Tuesday, April 16 2019
One year on, CareFlight’s Patient Transport Service continues to serve the community.
Whether its 50km or 500km, getting to and from a major hospital for rural and remote patients requiring specialist care can often feel quite overwhelming.
Continuing a 32-year tradition of providing patient care and transport, CareFlight introduced its Patient Transport Service to help alleviate distance challenges faced by rural and regional patients across NSW.
Since its launch on April 16, more than 1150 people across northern NSW have used the Patient Transport Service, with the three most common reasons for transport being cardiac, neurology and oncology.
Coordinated by NSW Health and CareFlight’s HelpPoint, CareFlight’s CEO, Mick Frewen said the service has enabled CareFlight to extend its reach and help even more patients across NSW.
“The introduction of this service gives patients from regional areas access to the very best level of health care to meet their needs, while ensuring they are transported with the highest standards of patient care and safety,” he said.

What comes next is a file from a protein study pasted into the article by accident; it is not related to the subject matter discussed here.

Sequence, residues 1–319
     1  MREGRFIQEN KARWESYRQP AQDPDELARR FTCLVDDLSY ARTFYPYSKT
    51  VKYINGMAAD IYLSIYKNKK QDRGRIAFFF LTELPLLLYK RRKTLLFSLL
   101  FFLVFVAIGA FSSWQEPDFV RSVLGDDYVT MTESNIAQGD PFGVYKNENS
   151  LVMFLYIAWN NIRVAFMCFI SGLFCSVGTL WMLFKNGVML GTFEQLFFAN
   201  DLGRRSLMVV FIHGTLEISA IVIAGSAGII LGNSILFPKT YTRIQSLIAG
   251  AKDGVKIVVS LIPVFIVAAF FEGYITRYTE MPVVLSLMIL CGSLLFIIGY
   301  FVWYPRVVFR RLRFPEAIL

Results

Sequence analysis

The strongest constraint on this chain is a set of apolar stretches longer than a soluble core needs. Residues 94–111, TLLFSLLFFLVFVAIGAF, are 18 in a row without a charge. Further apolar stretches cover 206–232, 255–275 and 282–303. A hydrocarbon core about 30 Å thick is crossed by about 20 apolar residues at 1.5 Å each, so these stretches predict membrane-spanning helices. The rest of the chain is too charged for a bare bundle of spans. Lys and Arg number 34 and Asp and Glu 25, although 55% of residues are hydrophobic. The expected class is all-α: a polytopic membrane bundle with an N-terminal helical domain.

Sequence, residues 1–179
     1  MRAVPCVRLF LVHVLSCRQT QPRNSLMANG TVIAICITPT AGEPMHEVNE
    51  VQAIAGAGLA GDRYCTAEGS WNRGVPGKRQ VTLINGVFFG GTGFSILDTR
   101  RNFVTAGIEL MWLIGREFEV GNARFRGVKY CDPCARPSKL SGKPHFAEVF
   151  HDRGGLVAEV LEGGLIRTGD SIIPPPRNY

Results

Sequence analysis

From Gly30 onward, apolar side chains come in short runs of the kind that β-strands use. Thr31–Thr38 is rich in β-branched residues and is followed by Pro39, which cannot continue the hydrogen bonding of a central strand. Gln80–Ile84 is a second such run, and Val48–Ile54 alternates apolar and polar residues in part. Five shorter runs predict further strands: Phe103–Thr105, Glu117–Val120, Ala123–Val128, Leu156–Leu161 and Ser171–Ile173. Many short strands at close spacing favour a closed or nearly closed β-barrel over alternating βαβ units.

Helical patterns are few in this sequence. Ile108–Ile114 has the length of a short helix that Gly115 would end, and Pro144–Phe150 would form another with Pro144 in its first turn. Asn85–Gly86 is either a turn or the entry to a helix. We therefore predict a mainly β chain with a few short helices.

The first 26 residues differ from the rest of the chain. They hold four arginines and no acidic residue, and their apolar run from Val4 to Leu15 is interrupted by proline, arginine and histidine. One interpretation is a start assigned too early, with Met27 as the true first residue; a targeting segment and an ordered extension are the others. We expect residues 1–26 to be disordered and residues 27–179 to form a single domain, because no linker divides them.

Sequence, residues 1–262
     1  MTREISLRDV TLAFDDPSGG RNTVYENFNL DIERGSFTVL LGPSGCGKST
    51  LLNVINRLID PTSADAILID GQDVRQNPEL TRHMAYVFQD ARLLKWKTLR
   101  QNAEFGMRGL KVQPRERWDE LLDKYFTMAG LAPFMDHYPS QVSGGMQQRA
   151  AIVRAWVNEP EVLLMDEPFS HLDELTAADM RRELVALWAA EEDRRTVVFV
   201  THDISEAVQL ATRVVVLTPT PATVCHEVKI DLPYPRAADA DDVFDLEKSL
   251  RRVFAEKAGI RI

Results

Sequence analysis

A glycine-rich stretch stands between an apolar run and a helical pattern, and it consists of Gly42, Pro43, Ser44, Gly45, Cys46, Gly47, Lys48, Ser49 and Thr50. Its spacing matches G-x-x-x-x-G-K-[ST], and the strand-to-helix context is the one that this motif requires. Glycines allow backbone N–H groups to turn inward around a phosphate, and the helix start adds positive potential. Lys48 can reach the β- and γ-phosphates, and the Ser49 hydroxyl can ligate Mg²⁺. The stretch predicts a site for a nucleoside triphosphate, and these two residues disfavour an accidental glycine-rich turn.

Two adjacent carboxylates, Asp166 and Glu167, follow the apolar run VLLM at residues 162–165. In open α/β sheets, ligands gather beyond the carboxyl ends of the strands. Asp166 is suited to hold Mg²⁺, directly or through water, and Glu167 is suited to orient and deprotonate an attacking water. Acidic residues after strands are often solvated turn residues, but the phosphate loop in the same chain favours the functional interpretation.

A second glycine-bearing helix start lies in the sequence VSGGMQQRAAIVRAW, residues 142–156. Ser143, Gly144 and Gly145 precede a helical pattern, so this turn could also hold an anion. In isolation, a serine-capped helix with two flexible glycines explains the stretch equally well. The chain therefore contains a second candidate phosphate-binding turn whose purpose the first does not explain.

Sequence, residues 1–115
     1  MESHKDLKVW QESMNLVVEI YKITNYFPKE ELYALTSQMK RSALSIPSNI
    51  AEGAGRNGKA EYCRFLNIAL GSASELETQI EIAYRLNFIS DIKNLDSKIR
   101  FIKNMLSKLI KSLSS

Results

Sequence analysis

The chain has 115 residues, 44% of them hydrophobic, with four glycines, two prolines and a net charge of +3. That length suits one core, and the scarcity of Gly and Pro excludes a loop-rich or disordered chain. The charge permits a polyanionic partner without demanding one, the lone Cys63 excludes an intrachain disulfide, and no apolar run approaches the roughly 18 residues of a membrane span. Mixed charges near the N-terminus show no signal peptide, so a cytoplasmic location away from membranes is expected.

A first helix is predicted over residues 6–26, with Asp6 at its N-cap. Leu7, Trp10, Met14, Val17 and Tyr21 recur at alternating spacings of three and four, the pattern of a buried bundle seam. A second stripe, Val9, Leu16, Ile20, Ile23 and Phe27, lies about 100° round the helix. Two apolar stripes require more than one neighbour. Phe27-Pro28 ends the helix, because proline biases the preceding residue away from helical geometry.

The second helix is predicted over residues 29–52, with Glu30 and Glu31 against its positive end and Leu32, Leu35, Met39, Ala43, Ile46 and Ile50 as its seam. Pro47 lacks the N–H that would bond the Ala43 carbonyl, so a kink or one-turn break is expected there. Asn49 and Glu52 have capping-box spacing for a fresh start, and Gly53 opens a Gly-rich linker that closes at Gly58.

“It has been wonderful to see the service delivering on this in the air and on the ground for the past 12 months.”
With five bases in major regional centres, including Newcastle, Armidale, Coffs Harbour, Port Macquarie and Tamworth, the transport service has delivered and picked up patients from 68 different hospitals in the past year.
Operating a fleet of specially equipped King Air B200 twin engine turbo-prop aeroplanes and patient transport vehicles, the service is staffed by a specialist CareFlight flight nurse, pilot and drivers to ensure patients are cared for every step of the way.
CareFlight’s Patient Transport Nurse Manager, Natalie Lund said the patient’s wellbeing and safety are always at the forefront.
“Our patient transport nurses, drivers and pilots undertake regular training to ensure the highest level of care is given to each patient using the service,” she said.
“With the number of geographical locations we cover, the different modes of transport used, as well as the patients’ varying level of care, the ongoing training means the patient transport team are prepared for any situation they may face.”
Celebrating one year since its launch, Mr Frewen said the Patient Transport Service will continue to deliver a high standard of patient-centric support.
“I’m looking forward to seeing this service grow in the future as CareFlight continues its mission so save lives, speed recovery and serve the community,” he said.